New Mexico Utility Dumps Coal While Albuquerque Embraces Solar
New Mexico’s power utility has unveiled plans to phase out its coal-fired generation over the next 14 years, at almost precisely the moment that Albuquerque City Council passed a unanimous resolution to invest $25 million in solar panels to supply 25% of its electricity by 2025.
In the draft of its latest integrated resource plan, Public Service Company of New Mexico proposes to save consumers money by shutting down the San Juan Generating Station, a 1.85-gigawatt coal unit near Farmington, in 2022, 30 years ahead of schedule. It will give up its 13% stake in the 2-GW Four Corners plant in 2031. The output from the two plants will be replaced by a mix of solar, wind, natural gas, and nuclear generation.
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“Market forces are driving a rapid evolution of energy resources, and the current data clearly supports the replacement of the coal in our portfolio with an energy mix that includes more renewables and natural gas as the best, most economical path to a strong energy future for New Mexico,” said PNM Resources Chair Patricia Vincent-Collawn.
PNM Planning and Resources Director Pat O’Connell said the company modelled hundreds of different energy mixes to find the most affordable option for consumers, and compared scenarios in which San Juan shut down in 2022 or continued to operate. The result was a plan that “would get PNM entirely out of coal”, replacing that capacity with “hundreds of megawatts more of solar and natural gas, some nuclear and possibly wind resources.”
Days earlier, city councillors in Albuquerque made their own contribution to that target, adopting the 25-by-25 plan with the support of Sen. Martin Heinrich (D-NM), CleanTechnica reports. “Why on earth would Albuquerque not be a leading solar city nationwide?” Heinrich asked. “We have all the resources in the world.”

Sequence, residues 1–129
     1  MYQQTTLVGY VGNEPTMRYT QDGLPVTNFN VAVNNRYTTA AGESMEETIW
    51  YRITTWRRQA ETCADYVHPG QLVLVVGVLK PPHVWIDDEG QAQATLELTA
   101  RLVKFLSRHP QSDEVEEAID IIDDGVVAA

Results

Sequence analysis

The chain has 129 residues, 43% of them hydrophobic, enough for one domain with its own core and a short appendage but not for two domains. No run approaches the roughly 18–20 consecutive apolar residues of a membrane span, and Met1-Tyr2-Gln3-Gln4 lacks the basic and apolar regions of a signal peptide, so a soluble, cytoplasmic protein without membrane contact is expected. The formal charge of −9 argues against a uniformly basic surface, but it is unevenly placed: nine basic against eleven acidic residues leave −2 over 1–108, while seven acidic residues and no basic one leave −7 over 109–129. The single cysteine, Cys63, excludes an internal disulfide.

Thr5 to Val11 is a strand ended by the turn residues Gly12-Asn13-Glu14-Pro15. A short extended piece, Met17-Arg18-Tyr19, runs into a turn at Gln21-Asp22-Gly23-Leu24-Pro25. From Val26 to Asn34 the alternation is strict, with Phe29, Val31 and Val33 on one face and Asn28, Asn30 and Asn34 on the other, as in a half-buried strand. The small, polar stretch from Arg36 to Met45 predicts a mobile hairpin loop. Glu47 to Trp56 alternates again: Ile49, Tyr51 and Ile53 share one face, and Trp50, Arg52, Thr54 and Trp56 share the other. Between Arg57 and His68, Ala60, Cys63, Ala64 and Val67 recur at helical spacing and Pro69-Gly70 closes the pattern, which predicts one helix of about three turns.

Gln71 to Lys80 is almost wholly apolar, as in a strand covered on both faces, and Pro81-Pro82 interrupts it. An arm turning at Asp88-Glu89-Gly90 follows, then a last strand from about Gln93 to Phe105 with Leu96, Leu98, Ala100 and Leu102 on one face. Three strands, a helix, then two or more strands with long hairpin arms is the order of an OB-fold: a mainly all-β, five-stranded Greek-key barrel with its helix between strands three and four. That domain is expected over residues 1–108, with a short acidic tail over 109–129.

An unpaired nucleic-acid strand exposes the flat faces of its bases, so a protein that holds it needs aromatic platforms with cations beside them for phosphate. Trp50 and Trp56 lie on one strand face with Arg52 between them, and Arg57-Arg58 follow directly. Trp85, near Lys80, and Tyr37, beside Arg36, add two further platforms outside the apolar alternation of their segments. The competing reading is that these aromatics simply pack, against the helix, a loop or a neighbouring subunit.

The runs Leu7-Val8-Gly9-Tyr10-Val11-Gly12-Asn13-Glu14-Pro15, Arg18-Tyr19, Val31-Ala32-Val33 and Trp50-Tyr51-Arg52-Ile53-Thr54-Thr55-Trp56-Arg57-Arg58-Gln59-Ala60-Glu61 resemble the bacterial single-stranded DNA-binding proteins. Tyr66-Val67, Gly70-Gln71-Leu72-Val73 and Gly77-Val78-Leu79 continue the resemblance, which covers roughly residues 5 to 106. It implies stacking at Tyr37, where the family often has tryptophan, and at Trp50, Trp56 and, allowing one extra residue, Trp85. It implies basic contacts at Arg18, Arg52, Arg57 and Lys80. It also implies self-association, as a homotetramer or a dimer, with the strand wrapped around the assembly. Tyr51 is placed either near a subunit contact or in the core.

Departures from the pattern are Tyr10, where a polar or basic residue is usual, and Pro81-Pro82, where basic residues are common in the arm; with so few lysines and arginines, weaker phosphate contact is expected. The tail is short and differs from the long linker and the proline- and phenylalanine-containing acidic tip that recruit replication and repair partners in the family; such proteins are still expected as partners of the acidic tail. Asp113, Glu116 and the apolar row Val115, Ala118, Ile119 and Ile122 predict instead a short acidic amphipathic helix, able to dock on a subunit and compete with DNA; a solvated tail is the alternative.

“People should be proud of our city today,” said councillor Pat Davis, who helped lead the effort to pass the resolution. Albuquerque currently generates only 3% of its electricity from solar, but ranks ninth among U.S. cities in solar generation and fourth in solar per capita.
“Thanks to efforts by Heinrich, Albuquerque will be eligible for up to US$25 million in federally-backed bonds to pay for the purchase and installation of solar panels on dozens of city buildings,” CleanTechnica notes. “The solar panels are expected to be in operation within two years and will significantly reduce the city’s utility bill for electricity. The city will also train local workers to install the panels. Voters must now approve the plan to issue $25 million in renewable energy bonds.”
But the momentum in New Mexico and elsewhere isn’t deterring pressure on the Trump administration and the U.S. Congress to redouble their support for “clean” coal, IEEFA reports.
“The expansion of carbon capture from industrial facilities and power plants can enable use of America’s abundant coal, oil, and natural gas resources while reducing carbon emissions, promote economic development, protect and create high‐paying jobs in energy production, manufacturing, and other critical industries, and drive further innovation and cost reductions in carbon capture technology,” said an April 20 letter coordinated by the Great Plains Institute for Sustainable [sic] Development and signed by representatives of Peabody Energy, Cloud Peak Energy, and the United Mine Workers, among others.